Dark Envoy review

by on October 30, 2023
Reviewed On
Release Date

October 24, 2023


Given Baldur’s Gate 3’s meteoric descent directly through the middle of 2023, anyone releasing a CRPG this year should be handed considerable props for having the solid-steel balls to even show up. Enter indie developer Event Horizon, whose Dark Envoy has been struggling to break out into the light of day since back in 2020. I previewed it earlier this year and was pretty impressed by some of its ideas, but how does it fare now it’s finally out-out?

Dark Envoy is a fantasy adventure Real Time with Pause tactical CRPG (yeah, say that ten times fast) set in the world of Jäan, where the technologically-advanced human Empire and the magic-centric non-human League have been at war for centuries. You play as siblings Malakai and Kaela, Relic Hunters who have grown up chasing their fortunes in the City of Bones. As the story opens you create both characters, able to change their faces and hairstyles (though there’s a distinct lack of bushy beards for Malakai) and select a class.

Initially there are four classes: Warrior, Ranger, Engineer and Adept, all of which can be specialised later down one of three paths, adding up to 12 classes altogether. The starting class you choose determines how you play the first third of the game, after which you’ll begin to conscript 6 other characters into your party (of which you can then choose two to accompany the siblings). The other characters, such as Sestia, have fixed classes and can’t be customised. Instead, you’ll need to take along characters whose skills compliment yours.

Dark Envoy

The upshot of this is that you’ll spend much more time with the siblings than the other characters, and will have more time to shape them, unlocking skills and passive abilities along decent-sized but not sprawling skill trees. I chose to play Malakai as a dual-wielding Warrior and Kaela as a rifle-toting Engineer, as you can also select their starting gear to determine your initial playstyle. Later you’ll uncover Relics that alter your weapons, or allow you to craft and modify more, which adds even more reason to explore the environment.

Combat is the meat and potatoes here, with a tactical pause providing the lovely gravy and the constant influx of enemies representing… the sprouts, I suppose. Combat is a constant element of Dark Envoy and, while some factors are cool (actively drawing the area of effect of certain spells and abilities is fun and fresh), it doesn’t take long to start feeling like a slog. Perhaps as a way of balancing out Malakai and Kaela’s innate overpowered-ness, Dark Envoy’s combat encounters will often spawn wave after wave of reinforcements that all have a tendency to just come straight at you.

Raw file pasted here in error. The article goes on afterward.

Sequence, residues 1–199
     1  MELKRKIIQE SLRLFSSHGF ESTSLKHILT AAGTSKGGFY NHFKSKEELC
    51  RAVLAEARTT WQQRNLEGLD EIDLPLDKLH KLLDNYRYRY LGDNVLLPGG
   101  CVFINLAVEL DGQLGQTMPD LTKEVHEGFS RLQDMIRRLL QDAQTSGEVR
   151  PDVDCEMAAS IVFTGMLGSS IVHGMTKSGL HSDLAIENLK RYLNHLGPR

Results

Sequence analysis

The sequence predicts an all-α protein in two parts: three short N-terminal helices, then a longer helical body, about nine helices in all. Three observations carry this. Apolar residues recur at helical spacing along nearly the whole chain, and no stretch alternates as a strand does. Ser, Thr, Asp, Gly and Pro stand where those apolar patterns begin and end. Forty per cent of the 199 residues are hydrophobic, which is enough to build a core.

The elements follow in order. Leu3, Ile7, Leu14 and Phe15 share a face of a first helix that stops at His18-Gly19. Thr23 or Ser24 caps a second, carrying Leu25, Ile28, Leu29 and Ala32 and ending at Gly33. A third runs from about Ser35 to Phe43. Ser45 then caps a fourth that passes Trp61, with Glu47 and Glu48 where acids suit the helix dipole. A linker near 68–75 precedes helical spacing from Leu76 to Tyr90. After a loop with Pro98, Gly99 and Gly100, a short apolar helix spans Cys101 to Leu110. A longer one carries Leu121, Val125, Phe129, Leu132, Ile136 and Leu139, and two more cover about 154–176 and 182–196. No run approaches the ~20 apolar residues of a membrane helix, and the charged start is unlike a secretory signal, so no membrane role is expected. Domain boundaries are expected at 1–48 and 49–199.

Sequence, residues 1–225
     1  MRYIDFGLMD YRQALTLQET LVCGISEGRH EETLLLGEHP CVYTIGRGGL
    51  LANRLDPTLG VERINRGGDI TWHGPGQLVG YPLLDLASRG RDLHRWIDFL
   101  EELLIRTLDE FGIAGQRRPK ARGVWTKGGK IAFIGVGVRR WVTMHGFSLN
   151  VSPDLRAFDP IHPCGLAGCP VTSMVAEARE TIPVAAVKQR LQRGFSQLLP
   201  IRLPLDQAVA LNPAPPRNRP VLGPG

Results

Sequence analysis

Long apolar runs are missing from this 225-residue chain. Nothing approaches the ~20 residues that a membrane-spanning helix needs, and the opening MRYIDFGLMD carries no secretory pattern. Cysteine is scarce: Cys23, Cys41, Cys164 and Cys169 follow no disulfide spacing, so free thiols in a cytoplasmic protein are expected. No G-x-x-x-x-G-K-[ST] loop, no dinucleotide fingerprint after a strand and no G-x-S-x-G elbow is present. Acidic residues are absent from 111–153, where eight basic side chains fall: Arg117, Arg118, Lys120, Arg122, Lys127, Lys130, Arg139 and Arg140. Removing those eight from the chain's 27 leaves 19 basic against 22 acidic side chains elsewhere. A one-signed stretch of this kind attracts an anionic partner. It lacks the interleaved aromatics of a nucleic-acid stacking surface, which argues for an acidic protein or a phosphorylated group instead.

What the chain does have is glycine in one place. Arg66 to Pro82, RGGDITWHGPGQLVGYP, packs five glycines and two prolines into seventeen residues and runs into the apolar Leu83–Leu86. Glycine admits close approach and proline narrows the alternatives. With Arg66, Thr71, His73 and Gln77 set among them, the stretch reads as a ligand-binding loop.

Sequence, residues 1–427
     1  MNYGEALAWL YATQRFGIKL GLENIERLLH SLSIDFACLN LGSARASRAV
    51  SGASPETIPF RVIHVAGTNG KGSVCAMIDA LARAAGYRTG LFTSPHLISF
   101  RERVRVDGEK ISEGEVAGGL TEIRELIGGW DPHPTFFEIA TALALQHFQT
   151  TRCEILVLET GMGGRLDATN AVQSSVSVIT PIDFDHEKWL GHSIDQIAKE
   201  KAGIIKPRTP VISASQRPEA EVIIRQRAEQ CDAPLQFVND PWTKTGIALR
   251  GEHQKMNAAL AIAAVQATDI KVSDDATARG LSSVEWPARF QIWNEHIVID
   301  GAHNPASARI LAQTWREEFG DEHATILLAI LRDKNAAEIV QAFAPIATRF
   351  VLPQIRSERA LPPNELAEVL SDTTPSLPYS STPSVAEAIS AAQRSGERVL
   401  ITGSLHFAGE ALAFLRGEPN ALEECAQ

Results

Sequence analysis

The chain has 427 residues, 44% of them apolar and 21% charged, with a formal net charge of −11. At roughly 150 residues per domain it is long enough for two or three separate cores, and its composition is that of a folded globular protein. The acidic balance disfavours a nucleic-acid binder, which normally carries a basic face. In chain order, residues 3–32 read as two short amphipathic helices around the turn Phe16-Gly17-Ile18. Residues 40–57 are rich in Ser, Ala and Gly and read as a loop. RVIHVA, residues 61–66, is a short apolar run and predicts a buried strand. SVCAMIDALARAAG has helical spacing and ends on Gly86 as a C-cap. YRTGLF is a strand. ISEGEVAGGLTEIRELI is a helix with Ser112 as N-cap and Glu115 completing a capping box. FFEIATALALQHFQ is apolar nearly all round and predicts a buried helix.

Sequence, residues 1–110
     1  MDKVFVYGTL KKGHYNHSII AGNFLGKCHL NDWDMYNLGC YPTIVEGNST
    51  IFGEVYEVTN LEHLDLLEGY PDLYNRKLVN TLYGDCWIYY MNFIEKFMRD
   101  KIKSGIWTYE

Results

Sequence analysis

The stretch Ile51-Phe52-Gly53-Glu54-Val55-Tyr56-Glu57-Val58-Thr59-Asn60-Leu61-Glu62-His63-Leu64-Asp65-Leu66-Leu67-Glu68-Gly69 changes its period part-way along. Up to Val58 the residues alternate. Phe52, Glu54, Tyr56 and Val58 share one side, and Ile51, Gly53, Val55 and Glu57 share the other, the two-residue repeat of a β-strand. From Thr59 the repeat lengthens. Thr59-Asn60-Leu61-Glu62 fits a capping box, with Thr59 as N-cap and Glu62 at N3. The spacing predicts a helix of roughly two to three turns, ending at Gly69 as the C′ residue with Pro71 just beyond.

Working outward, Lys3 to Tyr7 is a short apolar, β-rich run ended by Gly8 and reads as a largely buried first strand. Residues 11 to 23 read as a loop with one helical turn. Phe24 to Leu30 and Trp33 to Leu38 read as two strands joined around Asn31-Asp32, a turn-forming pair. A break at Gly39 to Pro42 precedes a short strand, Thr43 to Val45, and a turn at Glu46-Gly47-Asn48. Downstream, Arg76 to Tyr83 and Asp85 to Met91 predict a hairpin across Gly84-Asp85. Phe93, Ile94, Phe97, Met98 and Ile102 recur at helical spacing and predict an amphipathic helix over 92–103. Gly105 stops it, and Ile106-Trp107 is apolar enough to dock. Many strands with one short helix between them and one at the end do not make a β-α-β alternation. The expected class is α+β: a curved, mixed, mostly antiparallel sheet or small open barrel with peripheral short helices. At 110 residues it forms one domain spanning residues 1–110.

AI is almost non-existent, and instead enemies will just assault you directly as you hit pause and queue up attacks, spells, and abilities. It’s very easy to be overwhelmed when you’re not freezing time, and as a result the real-time combat can feel messy and imprecise. Your characters also aren’t the smartest, and will stand inside area-of-effect markers or dally around in the open as enemies take ranged shots at them. You can adjust the AI to a certain extent but it’s hardly comprehensive.

Dark Envoy

I often found combat to be a bit of an uphill struggle, and not necessarily due to difficulty. The animations are kind of slow and clunky, with things like the Warrior’s whirlwind attack failing to react with the environments or enemies in a particularly effective way. In fact, a lot of the animations during combat look too floaty and lack impact, which is a shame as there’s so much of it.

Thankfully, it’s not all combat. Though there’s no Charisma stat to get you out of sticky situations, there are moral and narrative choices to make throughout as you cross paths with various NPCs. There’s nothing as intricate as you’d find in a game like Baldur’s Gate 3, but the option to talk around combat is welcome. Add to this that you’ll spend a lot of time exploring the environment for chests and secrets and Dark Envoy offers a well-rounded, if at times simple, experience.

I’m not a big fan of finite healing points on the map being the only reliable way of restoring your health, but it forces you to use the many teleporters dotted around the map and think about your actions in combat. On lower difficulties you’ll regain some health after combat ends, too.

Dark Envoy

Dark Envoy has a definite “janky” feel to a lot of it. From the slightly underwhelming combat to the inconsistent voice acting and writing (the magic versus science setting leads to some weirdly anachronistic dialogue at times), some of Dark Envoy struggles to impress. And yet, it’s also a very playable and enjoyable adventure.

Event Horizon has clearly put a lot of effort into their creation, developing a huge world with an interesting if mildly uninspired backstory, and characters who remain likeable if a little underdeveloped. If you’re hankering after a CRPG experience that feels a little less convoluted than many, you could do worse than check out Dark Envoy’s colourful fantasy world.


Draw abilities are cool
Decent cast of characters
Lots to explore


Combat can be a chore
Some technical hiccups
Story is a bit forgettable

Editor Rating
Our Score


In Short

If you want a CRPG experience that feels a little less complex than many, you could do worse than check out Dark Envoy’s colourful fantasy world.